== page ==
Camiel Meiresonne is the charismatic frontman for Dutch indie hitmachine Son-Mieux. But their rise to stardom comes at a price for the environment, as playing more shows inevitably means more time on the road. How does Camiel feel about the band’s ecological footprint, and what does that have to do with Pieter Smit?
What does sustainability mean for a touring band?
“I’ve been thinking about that for a couple years, so whenever I can, I travel by bike or public transport. But once you hit the road, you have to take your gear from A to B and we can’t do that without our van. We end up driving a lot whether we like it or not, so driving on biodiesel makes sense to us. Apart from that, all of our band and crew members are vegetarians.”
What would that mean for festivals?
“I think it’s harder for festivals than for bands to try to go green. It’s epic that they’re thinking about banning single use plastics, I think Belgium actually already went that far and that’s awesome. But let’s face it: people come to festivals to have a good time. There’s 20.000 people on a lawn somewhere trying to not think about tomorrow. So bands should think about it for them. Your audience just wants to be carefree while they’re with you.”
Do you think bands care about the environment?
“I don’t think it’s a matter of whether they really care or not. I think A-list talent has the resources to stand up and do something, but most people aren’t in that position like Morrissey where he can just turn up and force an entire festival to be vegetarian for a day. It’s harder for smaller touring bands. Especially in the beginning, and frankly for us, still, too, it’s a matter of money. Many musicians have a job on the side because they can’t live off their music alone. And HVO of course is a little more expensive. I do however believe that musicians, artists tend to be people who are a little more environmentally conscious. And we are in a position to make a difference, I think. So we should.”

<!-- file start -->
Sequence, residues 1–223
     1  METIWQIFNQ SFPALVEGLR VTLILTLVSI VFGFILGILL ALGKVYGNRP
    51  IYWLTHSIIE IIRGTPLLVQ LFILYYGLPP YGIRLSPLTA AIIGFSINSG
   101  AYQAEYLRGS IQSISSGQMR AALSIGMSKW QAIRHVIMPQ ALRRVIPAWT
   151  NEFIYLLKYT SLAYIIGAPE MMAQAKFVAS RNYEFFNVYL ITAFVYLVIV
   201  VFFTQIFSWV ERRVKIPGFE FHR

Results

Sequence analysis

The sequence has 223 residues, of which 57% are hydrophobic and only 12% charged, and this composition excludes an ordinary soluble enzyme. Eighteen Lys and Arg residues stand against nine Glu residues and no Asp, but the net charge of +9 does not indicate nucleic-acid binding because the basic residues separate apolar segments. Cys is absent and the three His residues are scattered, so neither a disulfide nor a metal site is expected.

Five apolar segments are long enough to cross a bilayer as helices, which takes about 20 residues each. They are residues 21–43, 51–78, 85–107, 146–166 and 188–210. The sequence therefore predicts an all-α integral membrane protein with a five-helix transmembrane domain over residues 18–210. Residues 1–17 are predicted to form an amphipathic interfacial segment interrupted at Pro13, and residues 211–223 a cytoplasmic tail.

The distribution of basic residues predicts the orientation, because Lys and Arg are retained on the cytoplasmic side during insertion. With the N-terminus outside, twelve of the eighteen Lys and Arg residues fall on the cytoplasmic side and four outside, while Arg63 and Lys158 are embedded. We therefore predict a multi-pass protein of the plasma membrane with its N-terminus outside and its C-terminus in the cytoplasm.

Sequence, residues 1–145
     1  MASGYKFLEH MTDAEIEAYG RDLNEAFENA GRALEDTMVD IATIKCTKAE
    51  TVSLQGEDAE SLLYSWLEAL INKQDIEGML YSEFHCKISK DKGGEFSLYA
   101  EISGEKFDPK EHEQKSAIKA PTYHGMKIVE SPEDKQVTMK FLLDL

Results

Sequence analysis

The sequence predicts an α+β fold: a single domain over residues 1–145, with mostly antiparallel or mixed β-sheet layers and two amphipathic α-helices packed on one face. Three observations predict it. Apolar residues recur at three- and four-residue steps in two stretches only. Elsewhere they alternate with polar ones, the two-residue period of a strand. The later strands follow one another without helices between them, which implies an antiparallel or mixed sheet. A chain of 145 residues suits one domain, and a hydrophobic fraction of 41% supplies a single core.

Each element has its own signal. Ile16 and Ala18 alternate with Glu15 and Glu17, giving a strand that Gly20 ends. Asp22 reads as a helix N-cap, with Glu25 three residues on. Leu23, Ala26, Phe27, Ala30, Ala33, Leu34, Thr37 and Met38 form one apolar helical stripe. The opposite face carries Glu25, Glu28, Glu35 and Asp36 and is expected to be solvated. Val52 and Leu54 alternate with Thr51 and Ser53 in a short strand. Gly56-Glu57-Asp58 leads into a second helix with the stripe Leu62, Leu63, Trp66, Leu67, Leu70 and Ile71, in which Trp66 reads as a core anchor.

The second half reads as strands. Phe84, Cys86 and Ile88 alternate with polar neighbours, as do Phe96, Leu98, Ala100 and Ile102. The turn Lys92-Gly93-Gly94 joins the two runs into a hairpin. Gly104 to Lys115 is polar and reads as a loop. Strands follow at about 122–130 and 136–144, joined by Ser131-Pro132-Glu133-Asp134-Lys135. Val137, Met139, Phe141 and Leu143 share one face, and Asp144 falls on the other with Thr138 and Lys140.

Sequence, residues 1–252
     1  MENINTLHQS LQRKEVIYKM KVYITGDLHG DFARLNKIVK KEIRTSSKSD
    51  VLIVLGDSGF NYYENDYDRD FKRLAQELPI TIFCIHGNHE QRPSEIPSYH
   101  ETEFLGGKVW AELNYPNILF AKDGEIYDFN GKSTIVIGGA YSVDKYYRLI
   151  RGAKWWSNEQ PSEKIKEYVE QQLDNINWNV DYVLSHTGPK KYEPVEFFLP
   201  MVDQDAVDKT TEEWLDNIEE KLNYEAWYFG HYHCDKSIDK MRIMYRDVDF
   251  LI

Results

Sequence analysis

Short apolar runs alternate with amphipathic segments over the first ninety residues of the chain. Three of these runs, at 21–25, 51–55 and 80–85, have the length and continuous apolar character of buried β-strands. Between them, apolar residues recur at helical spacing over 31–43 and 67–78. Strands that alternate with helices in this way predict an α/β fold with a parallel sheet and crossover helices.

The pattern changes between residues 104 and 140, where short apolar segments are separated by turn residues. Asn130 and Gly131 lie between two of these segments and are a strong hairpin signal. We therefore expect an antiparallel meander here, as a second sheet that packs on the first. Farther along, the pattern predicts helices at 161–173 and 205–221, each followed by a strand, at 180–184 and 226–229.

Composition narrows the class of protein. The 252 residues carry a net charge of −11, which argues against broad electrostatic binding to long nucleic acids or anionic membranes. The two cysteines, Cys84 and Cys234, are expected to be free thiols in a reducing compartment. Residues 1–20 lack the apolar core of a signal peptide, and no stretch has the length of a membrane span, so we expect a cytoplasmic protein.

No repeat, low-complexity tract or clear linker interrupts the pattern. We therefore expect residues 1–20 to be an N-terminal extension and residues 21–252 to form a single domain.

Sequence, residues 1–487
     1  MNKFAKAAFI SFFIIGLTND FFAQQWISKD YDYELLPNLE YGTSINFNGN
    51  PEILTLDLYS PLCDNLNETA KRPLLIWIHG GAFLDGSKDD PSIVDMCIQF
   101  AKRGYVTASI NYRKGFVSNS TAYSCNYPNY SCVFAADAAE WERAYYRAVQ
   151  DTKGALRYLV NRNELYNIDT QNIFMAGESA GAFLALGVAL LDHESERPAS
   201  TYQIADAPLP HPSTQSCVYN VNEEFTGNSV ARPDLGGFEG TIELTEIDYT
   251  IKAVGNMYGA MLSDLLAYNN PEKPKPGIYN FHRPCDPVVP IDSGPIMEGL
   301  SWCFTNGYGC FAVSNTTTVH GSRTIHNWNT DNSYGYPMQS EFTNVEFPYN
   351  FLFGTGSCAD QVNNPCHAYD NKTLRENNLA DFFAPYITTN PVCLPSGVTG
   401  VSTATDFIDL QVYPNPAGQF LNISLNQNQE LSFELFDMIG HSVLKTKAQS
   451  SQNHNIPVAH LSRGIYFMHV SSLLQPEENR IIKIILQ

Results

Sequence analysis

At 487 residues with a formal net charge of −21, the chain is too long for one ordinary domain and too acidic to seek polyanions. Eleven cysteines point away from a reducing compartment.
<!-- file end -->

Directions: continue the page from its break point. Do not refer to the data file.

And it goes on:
How can bands decrease their ecological footprint?
“Biodiesel of course is one way, especially if you tour as consistently as we do. Then, think about the whole process of being on the road and being on stage. We are trying to get reusable water bottles on stage so we don’t have to throw anything away after the show. Sometimes, we get glasses of beer or water on stage, but I wish we wouldn’t- our show can get pretty wild and I will end up knocking everything over.. no, jokes aside, think about your impact. Don’t eat meat. Try not to waste food and water. I know for touring bands, convenience is everything. It’s intense to be on the road. But you’re going to have to make some concessions.”
So you make those concessions together with your crew?
“Yeah, actually. One of our crew members was very attached to the idea of eating meat. We don’t want to tell people how to live their lives, but it’s important to us to make that statement together. When we walk in, there’s no meat. That wasn’t an easy conversation, but we made it work. And I don’t mean to sound like we’re a bunch of do-gooders that know what’s best for everyone. Because of course we aren’t. But we try our best, for as far as we’re in charge of any decisions with an environmental impact. Working with Pieter Smit Touring is definitely a part of that. It’s a shared identity. It’s part of who we are. As a band and as a touring crew.”